Rosie Campbell: Designing for displays that don't exist yet

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Rosie Campbell

You thought cross-browser design was tricky? What if you had to develop for ten or twenty years in the future, when we can no longer assume displays will be rectangular, flat or even completely unobstructed? Our screens are changing, and BBC R&D are anticipating and prototyping user experiences for technology that hasn’t even been invented yet. From wearable tech to electronic wallpaper, this is the ultimate evolution of responsive design. Find out how we’re using JavaScript to push it to its limits.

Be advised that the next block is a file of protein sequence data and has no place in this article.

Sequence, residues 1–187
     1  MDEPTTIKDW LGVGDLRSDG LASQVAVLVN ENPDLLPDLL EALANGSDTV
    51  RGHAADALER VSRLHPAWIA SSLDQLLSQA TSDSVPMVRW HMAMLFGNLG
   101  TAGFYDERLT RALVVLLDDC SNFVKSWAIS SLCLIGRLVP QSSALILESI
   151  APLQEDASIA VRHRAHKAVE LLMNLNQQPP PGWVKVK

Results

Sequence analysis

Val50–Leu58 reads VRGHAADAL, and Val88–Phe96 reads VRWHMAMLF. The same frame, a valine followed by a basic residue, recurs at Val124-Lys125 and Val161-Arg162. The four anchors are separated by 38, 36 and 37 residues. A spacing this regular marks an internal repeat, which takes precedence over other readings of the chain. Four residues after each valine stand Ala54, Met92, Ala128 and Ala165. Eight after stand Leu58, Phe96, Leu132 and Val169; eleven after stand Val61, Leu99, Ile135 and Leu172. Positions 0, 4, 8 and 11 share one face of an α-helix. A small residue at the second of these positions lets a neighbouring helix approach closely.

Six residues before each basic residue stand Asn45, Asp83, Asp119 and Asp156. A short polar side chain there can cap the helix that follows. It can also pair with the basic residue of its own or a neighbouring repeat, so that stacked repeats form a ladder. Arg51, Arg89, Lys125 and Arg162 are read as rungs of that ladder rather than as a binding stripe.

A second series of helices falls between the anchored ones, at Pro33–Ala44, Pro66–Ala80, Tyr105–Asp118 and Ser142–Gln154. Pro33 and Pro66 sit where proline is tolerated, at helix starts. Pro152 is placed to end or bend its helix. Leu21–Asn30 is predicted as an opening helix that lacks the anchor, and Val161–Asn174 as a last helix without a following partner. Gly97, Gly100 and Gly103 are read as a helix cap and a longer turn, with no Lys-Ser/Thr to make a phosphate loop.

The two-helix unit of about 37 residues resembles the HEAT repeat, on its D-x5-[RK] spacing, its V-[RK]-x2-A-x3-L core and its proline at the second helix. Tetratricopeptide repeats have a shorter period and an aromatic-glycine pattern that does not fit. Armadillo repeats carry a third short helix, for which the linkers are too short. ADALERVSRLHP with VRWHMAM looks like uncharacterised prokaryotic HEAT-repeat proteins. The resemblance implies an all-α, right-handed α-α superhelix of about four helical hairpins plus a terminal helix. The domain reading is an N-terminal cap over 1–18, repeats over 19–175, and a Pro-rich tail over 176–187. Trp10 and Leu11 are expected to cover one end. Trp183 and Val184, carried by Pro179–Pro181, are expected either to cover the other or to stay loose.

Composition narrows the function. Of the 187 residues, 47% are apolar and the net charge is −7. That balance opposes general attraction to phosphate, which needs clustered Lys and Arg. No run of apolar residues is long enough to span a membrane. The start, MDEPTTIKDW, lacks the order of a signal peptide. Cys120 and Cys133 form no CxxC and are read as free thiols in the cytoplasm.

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Hi everyone. I have tried to fit in with the pink team. I wouldn't find a hairdresser to get by hair the right color. I'll talk about how to design for displays that don't exist yet. I'm at the Bbc R&D department. It is the Public broadcaster. It has an R&D department. It is thet part of the organisation for investigating new technology that might be of interest. Camera's, novel distribution methods. And I work at the user experience section. Towards the end of the chain. Industry standards or services.. Also mid term projects. To the blue sky thinking. The kind of thing I'm talking about today. The stuff I'll talk fbsout is what we expect to reach the consumer in 20 years time. A project unconventional screens. Emerging, unusual display technology and experiences them. It doesn't exist yet. How we approach this problem. Let me remind you how the screens have developed. And this sounds pretty familiar. Going back to early 2000s. There was a lot of content on the web. Everyone was using the same device. A laptop or desktop. That sounds straightforward. It meant it was impossible to get your website looking consistent across all browsers. It was a problem of cross browser compatibility. Browsers got more sensible about it. Unfortunately, it wasn't so easy. As desktop browsers was getting their act together, there came new devices. Developers were having to deal with mobiles, tv's, tablets. No one is to look at a giant monitor designed. It wasn't the same. But how to get optimized for the type of device. That was the design. I'll talk about it later and explain how Javascript can push it further. So, i don't want to be the bringer of bad news. This is getting worse. Smart watches, Google Glass, Fashionable displays. Smart fridges. I don't know what it is, but it is cool. Screens are getting weirder. So, the screens are getting weirder. So, not only are we going to have our content make look beautiful. We also need to think about the kind of content that is appropriate for each device. You don't want the same content on your watch as on your smart wallpaper. That might sound daunting. How can we be expected to prepare cool stuff for these devices when they don't exist. Don't panic. There are a few things you can do. That make the process not only little less daunting. This is the future and it is cool. I will talk you through a casestudy. We went from blank sheet of paper to a working prototype and what we are going to do with it. I'm hoping by sharing the approach, you might go away with an inspiration. How to make your ideas a reality. This will start with a question. What if you could paper the walls of your home with flexible electronic wallpaper? That sounds like sciencefiction. If you look at current trends. It is something that could be likely within 20 years time. Just to be clear. The Bbc aren't going to make the wallpaper. What we do is anticipate, and test the user experiences. And then we can be ready for the technology when it emerges zozer I'm lucky at the Bbc. Unlike other companies you have to be concerned with profit. We can provide the best user experience. Focusing on openness and innovation. My first view is, to take a user experience led design approach. We let the user experience drive the ideas not the technology. Certain companies have done well in the past. There is additional approach, the other way around. They'll put loads of time in developing hardware. That's great. What are we going to do with it? A good example is tv internet browsers. Everyone excited. But they completely overlooked the user experience. There is no additional value. It just didn't take off. We are advocating an approach the role of science fiction. Demonstrating what you can do if it existed. In the case of smart wallpaper we want to show the prototype. That it will create an appetite. So that manufacturers will create it. What does it mean in practice? You need to have an open discussion. No matter how rediculous. And it is really important not to sense yourself. You want to be divert. No idea is too silly. After we have done it, we converged our ideas to the ones that seem to be plausible and engaging. And turn into mockups. I'll show you some of them now. This is what your livingroom might look like after you papered it with your plain small wallpaper. Then you switch on the tv and start looking. Here we experiment with the concept of augmenting broadcasts. At the moment it will clog up the screen. We are not just looking at the livingroom. How it might apply to a teenager's bedroom. The Bbc provides educational services. How those might be presented on small wallpaper. They can see infographics. They can scrible notes on the device and send them to the wall. They can turn on their favourite channel. Virtual window and instagram feed. Whatever they are listening to. A lot of people check weather and travel. The best place for that is your kitchen where you have breakfast. When you get back from work you display steps for the recipes and you can cook along with tv chefs. Back in the livingroom. Somebody is watching a daytime magazine show. And picture frames with interesting things you can discuss with family and friends. Another idea was to build up anticipation. The 50th anniversary of Dr. Who. You could get your whole room to transform to get you into the mood. In this slide we have a virtual window. Then the dr. Starts appearing. You get a nice spacy wall. And you get scary characters creeping up. Finally you are in the world of Dr. Who. Some of the ideas we had when we concentrated on creating exciting user experiences. That brings me to the second principle we tried to stick to. That is: Stay agnostig to underlying hardware. In the case of small wallpaper we don't know if it is touchscreen, video screen, made of tiles of displays. Or something more. The e-ink option is more likely. It is less intrusive. It makes it more challenging. We have to think about the type of content. We found that having restrictions, makes you think more creatively. We have more novel use cases than a giant video on the wall. How to go about prototyping experiences. When you don't know the capabilities of the technology. We recommend using standard web technologies. Any new devices will use internet protocols and web contecned in some way. That's helpful. Not only that we know how to know how it will evolve. It will help with every step. It is a gradual thing. We are not going to leap from nothing to covering your whole room. Bigger screens in the house, in the kitchen. As long they have a browser, there is no reason it can't be adapted for those in the meantime. So we won't. Javascript. With Api and backend. We spent a lot of time designing the architecture of the system to make it flexible. I can't go into it now. Ask me if you are interested. It means that anything with a browser can pretend to be a wall. It doesn't exist yet. We have to fake it as best as we could. We used 2 giant projector screens. We connected it. And display a fullscreen browser. To interact with the wall and change some display. By that point we had something that approximates a smart wallpaper. I will show you the film. And turned them into an interactive experience. (applause) i tried to embed it in Reveal, ignore it. The reason I wanted to show it. You can start with an idea that is abstract. By being resourceful, you can make something that approximates it. We have been doing it for a few months. We chose to use web technologies, we moved to prototype quickly. What's next for us? We have a lot of experimenting to do. It is unusual that we use JavaScript for experiments. It is for using for user products. Unlike a compiled language, code changes are instantly reflected. There are so many Api's that connect with novel hardware. You can start experimenting when it is available. Earlier I mentioned the difficulty to get a content to display across devices. That is getting trickier. The next major research area is how we can use Javascript to push concepts of responsive design for screens. To remind you of what we mean by responsive design. It provides continuity between different viewing contexts, remaining completely agnostic to the type of device used and the size of the screen it has. We don't want manually position what they want. We want the content flow and fit around their furniture, taken into account people have different shapes and sizes of walls. It is not just dealing with rectangles anymore. So, we can do a lot of responsive design. They do a good job of dynamically packing rectangular elements. Unfortunately, rectangles are not enough. Zt crrkt It can be in all sizes. We need to be experimenting with new elements. And more novel Js libraries. We are building a webbased tool for testing layouts. One is Binpacking. An algorithm that is widely used. For those who don't know. It is finding the most efficient way of packing in different shapes in bounding area. That means that, there is no straightforward algorithm to solve it. It is a brute force approach. The size of your problem increases the complexity, the brute force approach is unsustainable. There are heuristics that you can use that help. Try to place the larger shape first and the little ones around it. We are not primarily concerned with many things on the wall. We are concerned about to place in a pleasing way. As aspiration how to do it, we looked at currently how it is arranged at the home zozer Using algorithms in data visualisation. I'm wondering if they can be a good approach with Binpacking to replicate that human design input. It is going to be interesting to find out what principles we can take from algorithms and apply them in the context of visual design. I hope you will have a blog page. In the meantime if you want to have a go and writing responsive design for those algorithms, that will be helpful. Where does this leave you? Screens are changing. You are going to have to deal with it. Start thinking how we can create extreme responsive design. Don't panic. Javascript is awesome. It is a flexible tool for prototyping. Be playful, try to prototype ideas and experiment. If you want to be ahead of the curve, think of the user experience. Most importantly, watch a load of scifi. Thank you. (applause) Edit transcript via pull request.